BOSTON — THREE months ago the Atlanta Rhythm Section had reached the nadir of their career. After making five good albums that sold only sporadically and touring with frustrating results for as many years, they were ready to pack it in.
“If this new record doesn’t put us over the top, I’m gonna go home and forget about the whole thing,” vowed songwriter/guitarist J.R. Cobb upon the release of their sixth album, A Rock and Roll Alternative. “You know how all the rest of them went — a little noise and then they just died. I’m not gonna go through that again.”
As it turns out, he didn’t have to. Alternative did make a little noise after it was released, but instead of quietly disappearing, the record skyrocketed into the Top 20 and became the group’s first certified gold record. “I should’ve said I was gonna quit a lot sooner,” Cobb joked when he heard the good news. “I could have saved myself a lot of trouble.”
The album’s success is largely due to the impact of its Top Ten single, ‘So In to You’. Though they’ve had regional hits before, the Atlanta Rhythm Section hasn’t had as good a single since they were the Classics IV.
Even the sound of ‘So In to You’ is more like Classics IV’s than anything the ARS had previously recorded: “I noticed when I was playing the song in the studio that the chord patterns are almost exactly the same as ‘Stormy’,” Cobb says. “It wasn’t a conscious thing, but it did come out that way.”
Cobb, relaxing with a cold beer in the tiny dressing room of Boston’s Orpheum Theatre, remembers that the Classics IV went a route similar to that of ARS before songs like ‘Spooky’ and ‘Stormy’ hit. “We had recorded a bunch of tracks and never heard anything else about them,” he laughs. “By the time ‘Spooky’ finally became a hit the group had already been broken up almost six months. We had to go out and find new guys to play in the band.”
Cobb and producer Buddy Buie were the mainstays of the Classics IV, and when that band dissolved, they decided to form their own production company with some other Atlanta-based session musicians they’d worked with. Drummer Robert Nix and keyboardist Dean Daughtry had left their group, the Candymen, and were ready to join Buie’s project. Two hotshot young players from Atlanta’s top underground rock band, Joint Effort — lead guitarist Barry Bailey and bassist Paul Goddard completed the instrumentation.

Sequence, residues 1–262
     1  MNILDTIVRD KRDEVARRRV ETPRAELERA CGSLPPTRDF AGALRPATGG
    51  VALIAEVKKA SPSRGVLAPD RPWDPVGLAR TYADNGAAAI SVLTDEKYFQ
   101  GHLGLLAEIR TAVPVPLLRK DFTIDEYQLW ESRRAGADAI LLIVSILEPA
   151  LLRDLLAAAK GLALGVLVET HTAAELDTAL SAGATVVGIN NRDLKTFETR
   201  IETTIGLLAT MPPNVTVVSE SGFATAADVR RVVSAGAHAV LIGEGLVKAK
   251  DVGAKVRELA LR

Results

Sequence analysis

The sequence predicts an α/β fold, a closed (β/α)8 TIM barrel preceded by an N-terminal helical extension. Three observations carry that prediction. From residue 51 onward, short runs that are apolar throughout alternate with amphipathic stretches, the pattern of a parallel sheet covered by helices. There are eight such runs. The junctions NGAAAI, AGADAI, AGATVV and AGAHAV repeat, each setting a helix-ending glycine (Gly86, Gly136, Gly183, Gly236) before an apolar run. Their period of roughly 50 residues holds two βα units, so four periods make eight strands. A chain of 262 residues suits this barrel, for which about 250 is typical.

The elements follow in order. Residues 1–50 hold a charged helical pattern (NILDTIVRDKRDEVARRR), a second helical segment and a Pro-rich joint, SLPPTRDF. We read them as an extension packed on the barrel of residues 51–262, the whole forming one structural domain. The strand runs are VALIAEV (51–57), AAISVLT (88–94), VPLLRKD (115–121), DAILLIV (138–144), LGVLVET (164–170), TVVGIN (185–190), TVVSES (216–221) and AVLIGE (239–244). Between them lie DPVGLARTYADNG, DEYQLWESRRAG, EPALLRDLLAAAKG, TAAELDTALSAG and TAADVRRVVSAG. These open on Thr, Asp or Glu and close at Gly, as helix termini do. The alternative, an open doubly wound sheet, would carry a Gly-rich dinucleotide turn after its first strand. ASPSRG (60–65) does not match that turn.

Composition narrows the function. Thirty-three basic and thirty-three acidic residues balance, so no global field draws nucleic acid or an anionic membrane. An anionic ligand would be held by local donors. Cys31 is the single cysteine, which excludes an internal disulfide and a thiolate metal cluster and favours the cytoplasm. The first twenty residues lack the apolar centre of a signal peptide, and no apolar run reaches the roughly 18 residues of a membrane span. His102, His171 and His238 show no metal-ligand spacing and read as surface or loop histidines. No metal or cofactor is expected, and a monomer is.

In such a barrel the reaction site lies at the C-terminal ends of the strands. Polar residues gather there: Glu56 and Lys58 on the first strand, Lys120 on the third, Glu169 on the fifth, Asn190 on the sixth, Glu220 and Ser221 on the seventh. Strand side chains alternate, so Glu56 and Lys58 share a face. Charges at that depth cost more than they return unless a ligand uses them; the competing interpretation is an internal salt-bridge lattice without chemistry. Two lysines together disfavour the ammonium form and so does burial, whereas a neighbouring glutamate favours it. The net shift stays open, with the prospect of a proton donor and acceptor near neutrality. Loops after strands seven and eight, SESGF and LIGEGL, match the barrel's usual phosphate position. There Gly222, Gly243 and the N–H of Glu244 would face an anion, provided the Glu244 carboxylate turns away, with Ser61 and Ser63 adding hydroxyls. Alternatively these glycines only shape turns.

After some bread-and-butter TV commercial sessions, ARS released their first LP, featuring lead singer Rodney Justo. Ronnie Hammond soon replaced him, and the lineup has been set ever since. The early records were notable for some good songwriting in a style uncharacteristic of most Southern bands who followed in the wake of the Allman Brothers. But Buie’s attempts to achieve a perfect sound often held the group back in the studio. Only Red Tape, their next-to-last album, began to capture the fluidity and drive of their live sound, particularly Bailey’s and Goddard’s exceptional playing.
Buie used to keep them in the studio virtually all the time, taking as long as six months to make a record, but the band’s grueling tour schedule over the past two years forced them to record Alternative more quickly.
The history of ‘Outside Woman Blues’ on Alternative is revealing. It used to be a staple of their club sets when the band started playing live. Their version resembles Cream’s Disraeli Gears version, suggesting that the band’s roots are as much in British rock as in traditional Southern rhythm & blues. The harmony lead on the main riff is very effective, and Cobb and Bailey trade off two blistering solos. Bailey’s mercurial solo on the opening track, ‘Sky High’, breaks to a lyrical piano/guitar coda reminiscent of Procol Harum’s ‘A Salty Dog’. Cobb and Bailey blend their guitar sound on the rest of the album to a beautifully layered effect.
But art hasn’t, until now, filled the Atlanta Rhythm Section’s coffers. “This is the first time we’ve sold enough albums to make a profit on any of our records,” Paul Goddard beams. “Up until now we’ve always been in debt to the record company, wondering when our cars were gonna be repossessed.”
© John Swenson, Rolling Stone, 2 June 1977